On 10/21/06, John Waycott <email@example.com> wrote:
> This sounds very similar to what Wandisco provides. We haven't tried
> their product, but we are considering it for the future.
> -- John
Wandisco is probably a little too much for our production -- we only
really have one developer outside of our immediate region, and he's
only two timezones away. It seems like a simple "reverse proxy" like
pound [http://www.apsis.ch/pound/] would work, provided it could be
hacked to route per HTTP request type rather than just per URL. The
documentation seems to indicate it is intended to be used per-URL, but
pound is GNU, and such a great feature may be worth the coding time...
Thinking further, one possible use could be keeping a local
reverse-proxy active on each client. Each client could also run an svn
server locally, and be an svnsync target. Local requests would go
through the proxy, and read-only requests would all go to the local
server. Only write requests, like lock and commit, would be routed to
the main server.
Given this possible configuration, this would mean a lot of
svnsync targets per main server (roughly 50:1 at our office). Are
there any performance metrics or estimates of svnsync push overhead as
opposed to updates? I'm just blindly assuming one svnsync push per
commit per client is less burdensome, than the current possibility of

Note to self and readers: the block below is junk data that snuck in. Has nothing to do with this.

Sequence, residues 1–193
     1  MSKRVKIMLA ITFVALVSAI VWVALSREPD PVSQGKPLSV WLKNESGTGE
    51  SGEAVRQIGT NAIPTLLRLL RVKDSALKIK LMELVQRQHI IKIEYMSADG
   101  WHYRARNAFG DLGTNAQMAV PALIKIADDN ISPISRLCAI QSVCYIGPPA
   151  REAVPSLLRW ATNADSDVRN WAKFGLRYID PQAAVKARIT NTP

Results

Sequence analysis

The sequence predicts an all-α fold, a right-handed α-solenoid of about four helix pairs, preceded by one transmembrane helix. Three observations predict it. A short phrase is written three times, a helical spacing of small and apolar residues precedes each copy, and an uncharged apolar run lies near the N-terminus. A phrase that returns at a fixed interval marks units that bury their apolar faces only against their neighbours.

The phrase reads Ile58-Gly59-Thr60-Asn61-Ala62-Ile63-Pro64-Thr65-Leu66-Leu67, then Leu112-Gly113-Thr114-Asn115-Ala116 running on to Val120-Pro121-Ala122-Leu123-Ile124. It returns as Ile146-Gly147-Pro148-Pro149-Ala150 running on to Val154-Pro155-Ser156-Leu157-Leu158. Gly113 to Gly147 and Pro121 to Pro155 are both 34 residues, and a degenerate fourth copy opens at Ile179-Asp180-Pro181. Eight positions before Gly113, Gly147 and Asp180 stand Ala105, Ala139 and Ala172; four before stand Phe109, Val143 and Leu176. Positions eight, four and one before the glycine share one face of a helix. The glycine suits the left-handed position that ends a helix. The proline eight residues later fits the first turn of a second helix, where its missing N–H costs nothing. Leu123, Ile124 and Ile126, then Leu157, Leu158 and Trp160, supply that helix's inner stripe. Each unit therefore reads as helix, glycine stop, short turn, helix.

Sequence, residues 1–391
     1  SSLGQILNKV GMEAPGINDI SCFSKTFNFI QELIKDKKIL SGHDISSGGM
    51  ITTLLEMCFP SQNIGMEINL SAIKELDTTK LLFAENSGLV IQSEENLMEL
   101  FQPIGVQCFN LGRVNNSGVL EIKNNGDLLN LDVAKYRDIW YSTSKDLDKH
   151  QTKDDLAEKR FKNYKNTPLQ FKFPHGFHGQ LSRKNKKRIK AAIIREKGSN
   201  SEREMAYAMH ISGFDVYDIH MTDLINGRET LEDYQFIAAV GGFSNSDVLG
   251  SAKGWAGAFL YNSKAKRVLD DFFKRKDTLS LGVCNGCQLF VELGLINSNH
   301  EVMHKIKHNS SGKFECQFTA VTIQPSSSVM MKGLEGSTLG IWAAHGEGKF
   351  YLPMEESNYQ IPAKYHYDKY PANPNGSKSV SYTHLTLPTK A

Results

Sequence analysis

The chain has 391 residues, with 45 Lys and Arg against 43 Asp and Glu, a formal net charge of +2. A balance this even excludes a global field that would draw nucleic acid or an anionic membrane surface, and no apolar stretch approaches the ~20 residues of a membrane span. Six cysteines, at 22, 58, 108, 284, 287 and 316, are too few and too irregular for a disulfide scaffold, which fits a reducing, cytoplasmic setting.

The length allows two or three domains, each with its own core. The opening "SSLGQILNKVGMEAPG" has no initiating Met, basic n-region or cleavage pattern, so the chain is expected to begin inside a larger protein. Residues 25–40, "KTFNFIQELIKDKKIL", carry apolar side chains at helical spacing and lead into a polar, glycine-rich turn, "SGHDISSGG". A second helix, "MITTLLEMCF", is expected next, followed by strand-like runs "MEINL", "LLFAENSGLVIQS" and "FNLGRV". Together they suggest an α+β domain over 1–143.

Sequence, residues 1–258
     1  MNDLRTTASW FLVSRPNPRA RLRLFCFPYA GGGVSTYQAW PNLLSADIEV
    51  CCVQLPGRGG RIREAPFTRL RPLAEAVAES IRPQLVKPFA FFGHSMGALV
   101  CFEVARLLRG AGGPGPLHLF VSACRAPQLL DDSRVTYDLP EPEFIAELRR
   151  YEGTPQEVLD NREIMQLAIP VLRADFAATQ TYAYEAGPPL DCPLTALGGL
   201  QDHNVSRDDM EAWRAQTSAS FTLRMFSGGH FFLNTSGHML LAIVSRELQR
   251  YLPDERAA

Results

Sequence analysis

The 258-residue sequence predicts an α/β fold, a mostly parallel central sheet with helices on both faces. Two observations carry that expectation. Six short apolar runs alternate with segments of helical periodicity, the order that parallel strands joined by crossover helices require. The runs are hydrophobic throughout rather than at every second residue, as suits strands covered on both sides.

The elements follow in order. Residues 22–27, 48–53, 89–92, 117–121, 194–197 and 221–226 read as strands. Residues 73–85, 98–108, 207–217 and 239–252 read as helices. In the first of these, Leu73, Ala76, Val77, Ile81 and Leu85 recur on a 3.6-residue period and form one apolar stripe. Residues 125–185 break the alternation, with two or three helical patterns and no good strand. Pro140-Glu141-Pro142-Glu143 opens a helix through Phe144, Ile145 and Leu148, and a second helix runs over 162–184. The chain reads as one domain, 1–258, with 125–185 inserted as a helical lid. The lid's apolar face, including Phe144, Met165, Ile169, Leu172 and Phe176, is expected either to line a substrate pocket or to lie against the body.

multiple updates per revision per client.
Of course, having a WC cache based on FSFS, improving svnsync to
allow write actions to any server in a sync pool (perhaps with some
internal forwarder), or allowing for automated cross-repository merges
would all be better (and complimentary) solutions. I just find all
these personally harder to code than proxys. ;)
> Jared Hardy wrote:
> > That's an interesting fail-over clustering option for Subversion
> > repository commit access. One possibility I'm interested in, that this
> > option brings to mind, would be a Subversion cluster proxy front-end,
> > that just redirects requests to several back-end Subversion servers
> > from any given client.
> > At any point in time, the front-end would know the current active
> > Commit server, but any read-only actions like Update or Checkout could
> > just be directed to any available mirror, in a load-balancing fashion.
> > The front-end servers could be fail-over clustered as well, to
> > maximize availability. They could even serve as arbitrators to help
> > determine the best current Commit server.
> > Perhaps every user site could host their own front-end/proxy
> > servers, and each front-end could factor latency into its load-balance
> > choices, so available LAN mirrors would usually be chosen over remote
> > mirrors for any read-only actions. Commit server responsibility could
> > even be shifted on a schedule, based on predictable geographical usage
> > pattern changes. Just imagine -- each developer site could have its
> > own clustered mirror and front-end set (possibly in the same boxes),
> > so all read-only operations would behave at LAN speed, where only
> > Commits would depend on primary server WAN connection speeds. Each
> > site could have the current Commit server moved closer to them during
> > their peak commit times. That would be awesome!
> > Does anyone know any current way to implement such a front-end?
> > :) Jared
To unsubscribe, e-mail: firstname.lastname@example.org
For additional commands, e-mail: email@example.com
Received on Wed Oct 25 23:07:55 2006